There were times when I was writing my first novel, The Words in My Hand, when I was struck by an incapacitating fear. It was this: who was I to put words in Descartes’ mouth?
More than once, this fear of speaking for Descartes, of fictionalising him, brought me to an abrupt halt. I backed away from the work, intimidated by it and by him. I also had to think about how I would write Helena, the Dutch maid at the heart of the novel, about whom very little is known.
The evidence linking Helena and Descartes, although scant, is tantalising. Although historians know of their relationship, they often dismiss it, and her. Worse, most display an utter lack of curiosity towards Helena. This casual disregard — the prefacing of his story before/over hers — seemed to point to something deeper and to say something about how history is written and women written out of it.
At the start of working on the novel, in early 2012, I met with my writing mentor. I was one of ten new writers taken onto the Escalator mentoring programme from Writers’ Centre Norwich, now the National Centre for Writing. We talked about the difficulty of fictionalising known historical figures and why a number of novelists avoid it. Helen Dunmore has said that writers stray into ‘dangerous territory’ when they fictionalise real people. I had no desire to tell a biographical tale; nor to create an ahistorical feminist character in Helena, that some recent historical fiction has tended towards. To be true to her, I had to be true to the historical record: to the very real constraints that limited her — by dint of her sex and social status. She was not a woman ahead of her time. She was absolutely of her time. This did not mean she did not have agency.
But I knew if I wanted to tell Helena’s story then I had no choice but to face down my fear and find a way to fictionalise Descartes. I could not tell one story without the other. I faced the page with new resolve. I used his Correspondence as a way to find his voice and to challenge a number of clichés that have grown up around him. His letters reveal a witty, acerbic, impatient, ambitious man; a man who did not tolerate fools. I also found something gentle in his letters: advice to friends, his grief.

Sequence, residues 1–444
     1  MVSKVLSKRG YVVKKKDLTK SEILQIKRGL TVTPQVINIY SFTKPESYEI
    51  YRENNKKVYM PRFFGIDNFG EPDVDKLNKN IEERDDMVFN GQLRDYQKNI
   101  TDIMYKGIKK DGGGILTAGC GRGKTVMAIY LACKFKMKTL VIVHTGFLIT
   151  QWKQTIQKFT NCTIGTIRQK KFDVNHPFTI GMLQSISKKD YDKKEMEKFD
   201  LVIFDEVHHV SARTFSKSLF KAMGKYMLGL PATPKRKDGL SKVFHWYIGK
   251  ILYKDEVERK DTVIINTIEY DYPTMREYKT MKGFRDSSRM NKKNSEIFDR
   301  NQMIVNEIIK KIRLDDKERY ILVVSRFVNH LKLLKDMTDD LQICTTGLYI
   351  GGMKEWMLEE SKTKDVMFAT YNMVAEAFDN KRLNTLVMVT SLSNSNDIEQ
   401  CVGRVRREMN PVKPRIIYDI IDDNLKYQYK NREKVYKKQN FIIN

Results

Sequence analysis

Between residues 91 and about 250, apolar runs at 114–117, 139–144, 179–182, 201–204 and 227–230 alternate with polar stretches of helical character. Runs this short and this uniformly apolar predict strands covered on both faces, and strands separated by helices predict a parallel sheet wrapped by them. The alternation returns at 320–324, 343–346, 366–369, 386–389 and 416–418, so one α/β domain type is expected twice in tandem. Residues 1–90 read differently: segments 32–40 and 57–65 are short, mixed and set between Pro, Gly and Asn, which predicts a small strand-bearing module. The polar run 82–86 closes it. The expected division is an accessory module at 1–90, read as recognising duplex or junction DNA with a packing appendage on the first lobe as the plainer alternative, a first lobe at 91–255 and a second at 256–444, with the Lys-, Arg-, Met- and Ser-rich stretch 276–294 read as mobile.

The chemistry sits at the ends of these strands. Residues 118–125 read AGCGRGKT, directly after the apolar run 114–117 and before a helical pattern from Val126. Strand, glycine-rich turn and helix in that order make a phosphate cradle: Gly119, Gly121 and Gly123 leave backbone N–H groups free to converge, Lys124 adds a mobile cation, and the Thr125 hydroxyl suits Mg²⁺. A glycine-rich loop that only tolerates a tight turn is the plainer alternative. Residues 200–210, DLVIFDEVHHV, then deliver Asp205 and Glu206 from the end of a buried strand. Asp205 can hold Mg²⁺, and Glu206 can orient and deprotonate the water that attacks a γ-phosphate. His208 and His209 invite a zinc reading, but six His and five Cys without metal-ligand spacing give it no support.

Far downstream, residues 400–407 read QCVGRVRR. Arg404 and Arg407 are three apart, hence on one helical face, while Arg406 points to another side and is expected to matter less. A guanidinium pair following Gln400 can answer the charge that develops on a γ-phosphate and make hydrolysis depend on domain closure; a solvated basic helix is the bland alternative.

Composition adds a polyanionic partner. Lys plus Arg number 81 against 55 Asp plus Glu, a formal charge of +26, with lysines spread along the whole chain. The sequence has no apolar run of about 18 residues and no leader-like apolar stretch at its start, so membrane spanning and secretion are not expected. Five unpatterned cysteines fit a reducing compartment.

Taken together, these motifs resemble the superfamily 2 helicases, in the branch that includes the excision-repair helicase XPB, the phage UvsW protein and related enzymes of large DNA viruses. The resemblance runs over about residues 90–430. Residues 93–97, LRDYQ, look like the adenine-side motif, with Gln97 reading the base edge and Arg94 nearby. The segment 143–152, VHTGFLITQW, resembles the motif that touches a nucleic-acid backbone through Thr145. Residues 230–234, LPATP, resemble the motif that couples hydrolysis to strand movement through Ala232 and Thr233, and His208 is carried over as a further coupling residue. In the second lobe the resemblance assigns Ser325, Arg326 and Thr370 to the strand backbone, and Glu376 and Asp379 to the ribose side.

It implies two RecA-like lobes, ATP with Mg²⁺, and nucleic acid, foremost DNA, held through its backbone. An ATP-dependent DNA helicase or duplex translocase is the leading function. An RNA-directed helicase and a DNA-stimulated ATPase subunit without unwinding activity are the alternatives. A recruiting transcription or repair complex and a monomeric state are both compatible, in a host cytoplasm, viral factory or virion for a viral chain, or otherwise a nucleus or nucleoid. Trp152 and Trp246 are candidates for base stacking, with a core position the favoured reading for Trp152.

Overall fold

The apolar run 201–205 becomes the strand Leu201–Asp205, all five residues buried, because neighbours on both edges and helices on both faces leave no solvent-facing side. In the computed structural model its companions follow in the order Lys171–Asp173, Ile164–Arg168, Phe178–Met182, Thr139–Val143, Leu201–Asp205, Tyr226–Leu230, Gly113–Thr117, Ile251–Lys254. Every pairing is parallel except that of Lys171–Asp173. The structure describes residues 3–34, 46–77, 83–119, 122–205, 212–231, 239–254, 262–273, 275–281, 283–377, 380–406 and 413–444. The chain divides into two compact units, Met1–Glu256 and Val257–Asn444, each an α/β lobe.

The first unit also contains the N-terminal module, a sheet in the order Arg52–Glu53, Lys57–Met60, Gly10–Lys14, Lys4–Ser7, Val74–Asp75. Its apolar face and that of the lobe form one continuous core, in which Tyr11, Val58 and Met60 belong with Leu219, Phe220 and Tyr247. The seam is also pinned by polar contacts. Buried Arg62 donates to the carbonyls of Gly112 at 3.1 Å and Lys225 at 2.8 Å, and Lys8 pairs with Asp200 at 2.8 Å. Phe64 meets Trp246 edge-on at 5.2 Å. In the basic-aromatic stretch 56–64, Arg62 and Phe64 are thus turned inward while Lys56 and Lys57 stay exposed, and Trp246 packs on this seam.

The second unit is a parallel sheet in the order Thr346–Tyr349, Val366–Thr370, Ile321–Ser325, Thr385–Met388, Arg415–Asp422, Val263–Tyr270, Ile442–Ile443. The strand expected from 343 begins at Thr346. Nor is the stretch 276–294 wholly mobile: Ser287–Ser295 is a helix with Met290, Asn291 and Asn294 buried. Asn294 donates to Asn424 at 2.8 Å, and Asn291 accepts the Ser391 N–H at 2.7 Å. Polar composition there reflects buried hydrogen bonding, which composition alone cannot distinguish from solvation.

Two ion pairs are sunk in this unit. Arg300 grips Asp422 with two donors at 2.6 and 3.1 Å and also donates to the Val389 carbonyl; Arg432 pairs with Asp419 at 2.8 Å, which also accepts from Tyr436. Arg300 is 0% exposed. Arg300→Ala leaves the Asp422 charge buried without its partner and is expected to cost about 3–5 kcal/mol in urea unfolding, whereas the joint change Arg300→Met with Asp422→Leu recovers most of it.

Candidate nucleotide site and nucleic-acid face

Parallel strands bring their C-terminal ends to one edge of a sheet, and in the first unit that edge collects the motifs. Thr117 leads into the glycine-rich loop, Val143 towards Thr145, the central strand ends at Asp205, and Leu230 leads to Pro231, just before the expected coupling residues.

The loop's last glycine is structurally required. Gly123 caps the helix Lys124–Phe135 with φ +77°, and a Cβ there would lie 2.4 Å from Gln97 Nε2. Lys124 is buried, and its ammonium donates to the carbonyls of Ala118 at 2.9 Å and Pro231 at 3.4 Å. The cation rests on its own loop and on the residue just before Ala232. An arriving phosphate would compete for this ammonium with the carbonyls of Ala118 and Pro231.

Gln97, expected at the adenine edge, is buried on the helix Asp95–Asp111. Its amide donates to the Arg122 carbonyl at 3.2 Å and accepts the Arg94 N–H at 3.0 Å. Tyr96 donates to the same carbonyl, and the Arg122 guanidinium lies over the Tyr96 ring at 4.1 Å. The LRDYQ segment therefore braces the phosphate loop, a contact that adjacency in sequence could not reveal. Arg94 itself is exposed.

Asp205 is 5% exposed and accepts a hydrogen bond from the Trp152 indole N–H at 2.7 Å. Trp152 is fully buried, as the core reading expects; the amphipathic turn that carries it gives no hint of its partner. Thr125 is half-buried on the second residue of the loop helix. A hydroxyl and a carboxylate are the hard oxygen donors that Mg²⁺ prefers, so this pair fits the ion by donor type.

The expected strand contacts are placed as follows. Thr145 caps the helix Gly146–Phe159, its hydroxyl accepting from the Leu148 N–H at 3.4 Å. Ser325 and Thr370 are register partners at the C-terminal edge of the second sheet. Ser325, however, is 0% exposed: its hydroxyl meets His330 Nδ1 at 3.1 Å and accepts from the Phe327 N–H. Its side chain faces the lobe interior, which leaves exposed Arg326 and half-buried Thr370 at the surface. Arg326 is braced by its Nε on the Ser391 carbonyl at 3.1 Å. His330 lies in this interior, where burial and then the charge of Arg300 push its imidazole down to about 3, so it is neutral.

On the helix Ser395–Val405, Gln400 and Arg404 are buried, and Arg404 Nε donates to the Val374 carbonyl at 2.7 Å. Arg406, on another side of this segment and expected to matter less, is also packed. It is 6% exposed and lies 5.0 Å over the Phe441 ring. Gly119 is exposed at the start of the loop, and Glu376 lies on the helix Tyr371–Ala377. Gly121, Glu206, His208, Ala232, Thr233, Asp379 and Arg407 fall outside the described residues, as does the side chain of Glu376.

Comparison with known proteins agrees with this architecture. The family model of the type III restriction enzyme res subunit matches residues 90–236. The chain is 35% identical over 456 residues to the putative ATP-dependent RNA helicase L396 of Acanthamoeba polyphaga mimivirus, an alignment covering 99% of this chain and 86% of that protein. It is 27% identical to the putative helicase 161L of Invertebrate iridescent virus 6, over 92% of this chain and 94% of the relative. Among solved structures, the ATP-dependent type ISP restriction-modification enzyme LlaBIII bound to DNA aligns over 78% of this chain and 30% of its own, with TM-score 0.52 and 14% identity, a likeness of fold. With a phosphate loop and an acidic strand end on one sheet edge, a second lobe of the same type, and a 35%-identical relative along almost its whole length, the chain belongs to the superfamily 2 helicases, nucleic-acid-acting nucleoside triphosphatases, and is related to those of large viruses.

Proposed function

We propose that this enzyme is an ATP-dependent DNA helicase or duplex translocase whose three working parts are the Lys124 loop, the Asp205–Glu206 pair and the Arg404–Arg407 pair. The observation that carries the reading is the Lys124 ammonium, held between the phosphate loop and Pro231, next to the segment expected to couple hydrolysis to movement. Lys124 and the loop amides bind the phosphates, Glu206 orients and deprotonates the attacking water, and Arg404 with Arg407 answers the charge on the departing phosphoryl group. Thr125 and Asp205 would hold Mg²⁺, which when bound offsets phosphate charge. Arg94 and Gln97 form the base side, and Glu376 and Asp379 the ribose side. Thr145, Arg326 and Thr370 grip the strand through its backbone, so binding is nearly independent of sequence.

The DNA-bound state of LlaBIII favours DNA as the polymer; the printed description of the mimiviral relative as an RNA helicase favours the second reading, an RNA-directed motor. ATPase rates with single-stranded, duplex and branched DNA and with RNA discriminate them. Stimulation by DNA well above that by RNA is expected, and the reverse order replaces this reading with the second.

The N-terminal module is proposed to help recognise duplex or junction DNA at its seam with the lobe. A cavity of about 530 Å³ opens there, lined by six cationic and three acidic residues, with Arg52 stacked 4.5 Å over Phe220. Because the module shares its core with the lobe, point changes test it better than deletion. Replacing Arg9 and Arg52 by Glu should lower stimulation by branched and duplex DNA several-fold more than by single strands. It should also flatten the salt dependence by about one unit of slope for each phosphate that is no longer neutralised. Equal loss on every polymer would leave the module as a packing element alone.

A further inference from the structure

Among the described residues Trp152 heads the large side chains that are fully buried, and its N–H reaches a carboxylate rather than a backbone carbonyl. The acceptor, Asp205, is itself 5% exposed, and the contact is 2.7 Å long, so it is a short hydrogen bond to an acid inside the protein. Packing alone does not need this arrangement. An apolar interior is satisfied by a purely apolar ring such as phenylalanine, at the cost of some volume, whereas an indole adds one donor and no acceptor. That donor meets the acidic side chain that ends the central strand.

By October 2013, I had a first draft. Relief soon gave way to a niggling anxiety as I realised I hadn’t quite told the story I had set out to tell. I realised that part of the problem — ironically — seemed to be the pull of Descartes’ character on the narrative, as though I’d set a magnet to one side of the page, and my words, like iron filings, were flying towards it, and him. I had to elbow Descartes away. I rewrote a whole chunk of the book, not just holding him at arm’s length, but pretty much shutting the door to him too.
Helena knew Descartes at a critical time in his life, in the mid-1630s, before he published — indeed, came close to not publishing at all. At that time, he was a considerably less certain man than the man we suppose him to be and certainly not the towering figure of modern philosophy he is today.
The novel became a way to recover Helena’s story and in doing so — by placing her first — to examine Descartes anew and question how historians and biographers had written him.
I realised that history can only go so far and that fiction can play a key critical function: it is a means to interrogate the past. Realising this set me free to write Descartes and to assert Helena’s place in history too.
August 26th, 2016.